Biodiversity: The Three Domains of Life
April 24, 2002
Web notes only!
"The incredible diversity of life on this planet, most of which is microbial, can only be understood in an evolutionary framework" -- Carl Woese, 2000
How is Life Classified?
Before 1969: Life was classified into two kingdoms: Plant Kindgom Animal Kingdom
From 1969 1990: Life was classified into 5 Kingdoms: Monera, Protista, Plantae, Fungi, Animalia, by R.H. Whittaker [Science 163, 150 (1969)] using classification according to Linnaeus based on anatomy, morphology, embryology, and cell structure.
(PS. Viruses are not in ANY of these kingdoms...remember that scientists do not classify them as 'alive').
BUT the traditional 5 Kingdom system says nothing about how organisms within Kingdoms or between kingdoms may be related to each other via evolutionary relationships among the kingdoms.
((We won't have time to go here...but what evidence do scientists have for how life began on planet Earth? Click lhere for last year's notes on "The Origin of Life" if you are interested!))
A New Proposal: The Three Domains of Life (Carl Woese, 1990)
Starting in the early 1970s, Dr. Carl Woese, a professor in the Department of Microbiology, University of Illinois, Urbana-Champaign, and other scientists began to find evidence for a previously unknown group of prokaryotic organisms. These organisms lived in extreme environments - deep sea hydrothermal vents, "black smokers", hot springs, the Dead Sea, acid lakes, salt evaporation ponds - environments that scientists had never suspected would contain a profusion of life!
Because they appeared prokaryotic, they were considered bacteria and named "archaebacteria" ('ancient' bacteria). However, became obvious from biochemical characteristics and DNA sequence analysis that there were numerous differences between these archaebacteria and other bacteria. Before long, it was realized that these archaebacteria were more closely related to the eukaryotes (including ourselves!) than to bacteria. Today, these bacteria have been renamed Archaea.
From this work, Dr. Woese proposed that there should be a new caterogy of classification of life - the Domain, a classification category above Kingdom. The Historic Paper: Woese, C.R., O. Kandler, & M.L. Wheelis (1990). "Towards a natural system of organisms: Proposal for the domains Archaea, Bacteria, and Eucarya." Proc. Natl. Acad. Sci. USA 87:4576-4579. [Image]
PS. Carl Woese won the National Medal of Science in November 2000. Is there a Nobel prize in his future???? Dr. Marrs says YES! (Not that the Nobel Committee asks for my opinion...).
How was the 'Three Domain' Classification of Life Determined?
Woese (and many other scientists involved in this project) used the nucleotide sequence of Ribosomal rRNA (the small subunit) and other RNA and protein sequences as an Evolutionary Chronometer an evolutionary time clock.
What makes rRNA (or another sequence) a good chronometer?
1. It is universally distributed across group chosen all organisms have rRNA
2. It is functionaly similar between organisms rRNAs all participate in protein synthesis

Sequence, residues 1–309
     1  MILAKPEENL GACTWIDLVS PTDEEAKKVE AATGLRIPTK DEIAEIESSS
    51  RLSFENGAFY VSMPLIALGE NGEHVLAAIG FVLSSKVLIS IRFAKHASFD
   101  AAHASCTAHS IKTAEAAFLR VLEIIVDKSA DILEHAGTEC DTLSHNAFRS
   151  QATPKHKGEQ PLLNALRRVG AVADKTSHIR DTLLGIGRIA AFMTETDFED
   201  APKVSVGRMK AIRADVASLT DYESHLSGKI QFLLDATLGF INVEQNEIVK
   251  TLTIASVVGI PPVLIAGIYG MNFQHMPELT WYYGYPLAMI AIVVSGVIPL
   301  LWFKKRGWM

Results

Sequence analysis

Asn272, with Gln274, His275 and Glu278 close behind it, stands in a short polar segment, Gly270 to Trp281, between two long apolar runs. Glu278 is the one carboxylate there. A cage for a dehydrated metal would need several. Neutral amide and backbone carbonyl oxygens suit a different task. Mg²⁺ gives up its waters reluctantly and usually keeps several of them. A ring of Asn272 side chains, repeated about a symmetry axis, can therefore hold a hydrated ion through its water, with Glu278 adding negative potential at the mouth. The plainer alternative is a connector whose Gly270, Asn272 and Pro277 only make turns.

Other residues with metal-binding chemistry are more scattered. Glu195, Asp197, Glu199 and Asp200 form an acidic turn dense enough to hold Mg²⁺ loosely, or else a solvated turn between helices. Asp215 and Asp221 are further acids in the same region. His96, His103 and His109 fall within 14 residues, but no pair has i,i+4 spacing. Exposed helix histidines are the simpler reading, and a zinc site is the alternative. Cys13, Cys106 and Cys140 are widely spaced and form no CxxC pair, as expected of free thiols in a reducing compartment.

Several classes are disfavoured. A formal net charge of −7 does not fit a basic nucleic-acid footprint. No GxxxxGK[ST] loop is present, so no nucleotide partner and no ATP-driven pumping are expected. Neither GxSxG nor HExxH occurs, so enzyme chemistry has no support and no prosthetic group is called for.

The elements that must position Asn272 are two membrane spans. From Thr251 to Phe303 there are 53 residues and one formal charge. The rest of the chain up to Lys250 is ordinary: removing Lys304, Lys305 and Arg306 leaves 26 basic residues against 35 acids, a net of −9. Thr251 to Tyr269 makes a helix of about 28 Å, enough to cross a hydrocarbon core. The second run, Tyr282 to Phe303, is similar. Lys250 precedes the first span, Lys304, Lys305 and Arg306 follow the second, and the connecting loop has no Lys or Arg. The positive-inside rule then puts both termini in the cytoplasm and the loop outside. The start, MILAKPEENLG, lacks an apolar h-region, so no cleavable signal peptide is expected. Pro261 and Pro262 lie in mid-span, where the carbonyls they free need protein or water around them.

3. Its sequence changes slowly - good for looking across long periods of time
4. The rRNA sequences can be aligned, or matched up, between 2 organisms
Other sequences that can be used are the large
rRNA subunit, or the gene for cytochrome c oxidase, ferredoxin.
The Three domains - Some
Bacteria: Domain Bacteria is familiar to most people when associated with human or animal disease. However, most bacterial species do not (and cannot) cause disease. Many species even play beneficial roles by producing antibiotics and food. The soil teems with free-living bacteria that perform many essential functions in the biosphere, e.g. nitrogen fixation. Our bodies are covered with bacteria that make up our normal flora. [Quote]
Fun Fact: There are more bacteria in one person's mouth than there are people in the world. Many are decomposers, some are photosynthesizers, and a few cause disease. Most bacteria cause disease by producing exotoxins that harm human cells, while others cause illness as a result of glycoproteins found on the outside of their capsules. There are many shapes that bacteria can come in, but three of the main ones are cocci (spherical), bacilli (rods) and spirochete (spiral bacteria). [Quote]
At least 5 major Phyla:
1. Proteobacteria: Enteric bacteria like E. coli, Salmonella typhus, Legionella, Heliobacter pylorii (cause of many ulcers), Neisseria gonorrhea (cause of gonorrhea). These bacteria are very closely related to eukaryotic mitochondria.
2. Cyanobacteria: Photosynthetic blue-green bacteria = produce O2 gas. Over 2 billion years ago, these bacteria made the O2 rich atmosphere in which we live!!! These bacteria are very closely related to eukaryotic chloroplasts. [Image]
3. Eubacteria: Clostridium (tetanus, botulism), Bacillus, mycoplasma (walking pneumonia).
4. Chlamydias: Parasites: Giardia, Chlamydia (STD)
5. Spirochaetes: Spiral bacteria: cause syphilis, Lyme disease
To read more about bacteria we don't like, see the "Bad Bug Book".
Archaea: Life's Extremists...!
1. Methanogens: methane-makers
Use only CO2, H and N to produce energy to live, and as a result give off methane gas. [Image]. Live in swamps, marshes, gut of cattle, termites, etc. Methanococcus jannaschii, isolated from the deep sea Alvin probe, was the first Archaean whose genome was sequenced. Methanogens are decomposers; and can be used in sewage treatment. Methanogens may someday be used to produce methane as fuel!